“Mom, can you help me tape this?” Andrew asks.
“Not right now, sweetie. Do the best you can, okay?” I respond, holding a screeching baby with one arm and a basket of dirty laundry in the other.
It’s ten o’clock and nobody is dressed yet, the baby is as cranky as he’s ever been, and I didn’t get more than two hours of sleep in a row last night. My husband is out of town and a too-high smoke alarm beeps every three minutes. I think it needs a new battery.
Toys cover the floor. I think of my neighbor and her always tidy house. How does she do it? I use my foot to forge a path through the toys in the living room, and make my way to the stereo.
Turning up the music, I try to warm the mood in our home, which at the moment teeters somewhere between difficult and total chaos. I grab Benjamin’s cozy blanket and binky, and sit down on the floor to cuddle him. We sing along to the music, and the dark cloud lifts just a little. I manage to help Andrew with his project.
“Today is a hard day,” Andrew tells me. “Benjamin won’t stop crying.”
“Yeah,” Bryce agrees, “it’s giving me a headache.”
“Yes,” I agree, “it is a hard day. Today is a ‘let’s just do the best we can’ kind of day.”
Lord, I pray, be present with us on this hard day. I give you my agenda — the laundry, the sticky floor, the scattered toys, my need for a nap. Please give me your perspective for today.
The only magic in this prayer happens in my own attitude. The house is still a mess and the baby is still fussy, but my attitude shifts. I stop looking at the mess and start looking at my three boys. It seems like just yesterday Bryce and Andrew were Benjamin’s age. Now look at them! Big kindergarteners! I hold Benjamin closer. Suddenly, it is enough to sit on the floor in my pajamas and simply be with my children.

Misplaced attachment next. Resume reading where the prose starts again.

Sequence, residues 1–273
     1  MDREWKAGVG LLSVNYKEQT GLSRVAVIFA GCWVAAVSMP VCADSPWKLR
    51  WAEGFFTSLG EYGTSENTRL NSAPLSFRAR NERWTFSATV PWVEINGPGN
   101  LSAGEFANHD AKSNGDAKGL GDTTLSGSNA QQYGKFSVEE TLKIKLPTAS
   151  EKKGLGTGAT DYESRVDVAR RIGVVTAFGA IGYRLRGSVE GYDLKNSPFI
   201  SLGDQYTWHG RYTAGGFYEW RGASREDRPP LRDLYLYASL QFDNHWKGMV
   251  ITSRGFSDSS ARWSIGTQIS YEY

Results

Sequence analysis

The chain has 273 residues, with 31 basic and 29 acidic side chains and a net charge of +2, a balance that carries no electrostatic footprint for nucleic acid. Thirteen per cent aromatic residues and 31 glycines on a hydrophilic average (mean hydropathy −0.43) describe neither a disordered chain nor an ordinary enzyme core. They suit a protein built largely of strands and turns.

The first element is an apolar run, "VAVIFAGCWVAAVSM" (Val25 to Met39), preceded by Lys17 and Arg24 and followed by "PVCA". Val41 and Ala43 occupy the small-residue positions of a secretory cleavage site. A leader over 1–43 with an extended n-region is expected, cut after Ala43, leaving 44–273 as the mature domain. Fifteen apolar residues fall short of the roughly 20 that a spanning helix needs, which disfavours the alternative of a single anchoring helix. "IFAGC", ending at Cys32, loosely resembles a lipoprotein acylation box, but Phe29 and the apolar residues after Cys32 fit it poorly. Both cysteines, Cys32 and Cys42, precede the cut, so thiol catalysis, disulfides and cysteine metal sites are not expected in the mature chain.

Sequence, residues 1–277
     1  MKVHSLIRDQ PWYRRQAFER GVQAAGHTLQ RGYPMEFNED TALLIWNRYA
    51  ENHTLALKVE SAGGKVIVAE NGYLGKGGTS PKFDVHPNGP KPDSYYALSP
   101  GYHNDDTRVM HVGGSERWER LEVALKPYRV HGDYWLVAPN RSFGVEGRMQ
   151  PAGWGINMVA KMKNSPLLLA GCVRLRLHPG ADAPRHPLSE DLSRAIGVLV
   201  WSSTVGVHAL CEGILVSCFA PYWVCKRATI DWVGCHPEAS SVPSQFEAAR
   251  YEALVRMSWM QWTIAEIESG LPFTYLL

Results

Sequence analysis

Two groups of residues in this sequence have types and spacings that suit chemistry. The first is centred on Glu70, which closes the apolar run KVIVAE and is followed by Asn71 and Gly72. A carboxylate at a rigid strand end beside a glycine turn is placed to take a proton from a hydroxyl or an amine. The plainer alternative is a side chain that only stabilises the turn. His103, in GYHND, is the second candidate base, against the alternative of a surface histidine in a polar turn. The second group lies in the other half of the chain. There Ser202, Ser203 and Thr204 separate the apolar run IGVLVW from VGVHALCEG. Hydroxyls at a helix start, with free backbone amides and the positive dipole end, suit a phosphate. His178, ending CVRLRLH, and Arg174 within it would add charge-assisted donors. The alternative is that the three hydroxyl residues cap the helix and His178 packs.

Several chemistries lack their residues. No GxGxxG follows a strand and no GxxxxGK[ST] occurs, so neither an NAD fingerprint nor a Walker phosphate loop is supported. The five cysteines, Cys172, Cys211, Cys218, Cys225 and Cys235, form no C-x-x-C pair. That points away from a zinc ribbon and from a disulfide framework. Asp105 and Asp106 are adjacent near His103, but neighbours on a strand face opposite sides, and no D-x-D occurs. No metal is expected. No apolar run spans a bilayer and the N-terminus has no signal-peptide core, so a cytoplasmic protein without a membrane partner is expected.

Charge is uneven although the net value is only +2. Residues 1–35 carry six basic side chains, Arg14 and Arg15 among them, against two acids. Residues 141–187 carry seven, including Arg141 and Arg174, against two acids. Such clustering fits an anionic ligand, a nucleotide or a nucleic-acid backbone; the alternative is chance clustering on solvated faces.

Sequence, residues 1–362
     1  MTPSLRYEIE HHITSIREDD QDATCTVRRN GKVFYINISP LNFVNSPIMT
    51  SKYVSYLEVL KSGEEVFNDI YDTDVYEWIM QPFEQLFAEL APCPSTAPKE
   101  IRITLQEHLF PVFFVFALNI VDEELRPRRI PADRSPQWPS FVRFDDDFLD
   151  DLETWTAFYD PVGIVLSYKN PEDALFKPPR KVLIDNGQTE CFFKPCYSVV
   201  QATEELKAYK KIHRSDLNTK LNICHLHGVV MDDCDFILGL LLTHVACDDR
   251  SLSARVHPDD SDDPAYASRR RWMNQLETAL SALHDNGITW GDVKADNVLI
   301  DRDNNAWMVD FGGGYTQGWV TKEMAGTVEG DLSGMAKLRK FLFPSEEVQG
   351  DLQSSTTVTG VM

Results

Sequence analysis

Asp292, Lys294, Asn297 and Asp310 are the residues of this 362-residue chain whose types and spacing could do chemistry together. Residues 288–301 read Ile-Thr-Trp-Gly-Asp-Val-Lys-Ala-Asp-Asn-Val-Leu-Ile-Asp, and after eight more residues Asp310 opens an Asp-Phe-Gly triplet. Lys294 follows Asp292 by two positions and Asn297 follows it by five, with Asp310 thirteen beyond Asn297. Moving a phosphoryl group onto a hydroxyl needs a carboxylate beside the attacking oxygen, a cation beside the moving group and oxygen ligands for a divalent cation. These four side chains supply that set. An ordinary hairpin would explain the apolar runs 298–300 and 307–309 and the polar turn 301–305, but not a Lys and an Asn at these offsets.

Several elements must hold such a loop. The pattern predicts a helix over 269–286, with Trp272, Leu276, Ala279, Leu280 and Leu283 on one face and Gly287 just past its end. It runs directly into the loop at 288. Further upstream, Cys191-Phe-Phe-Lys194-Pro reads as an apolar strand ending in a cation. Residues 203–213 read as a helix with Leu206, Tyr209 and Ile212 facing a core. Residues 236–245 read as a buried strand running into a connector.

I think of how much energy I spend trying to avoid this hard place. I plan activities ahead of time, stay up late to catch up on laundry, and make meals in advance. I don’t like feeling out of control. But the truth is, no matter how much I plan ahead, sometimes motherhood is hard. No amount of planning ahead can prevent toddler meltdowns and messy houses. They’re a fact of life with three small children.
What I can do is prepare my heart to embrace these children as they are. To spend less time planning for what might come next and simply embrace what is — this moment with my boys.
On some days, this is the best I can do. And it is enough.
Robyn Whitlock has three boys, Bryce (7), Andrew (7) and Benjamin (2). When she's not running to carpool or doing laundry, she writes. You can find her online at llamamomma.blogspot.com.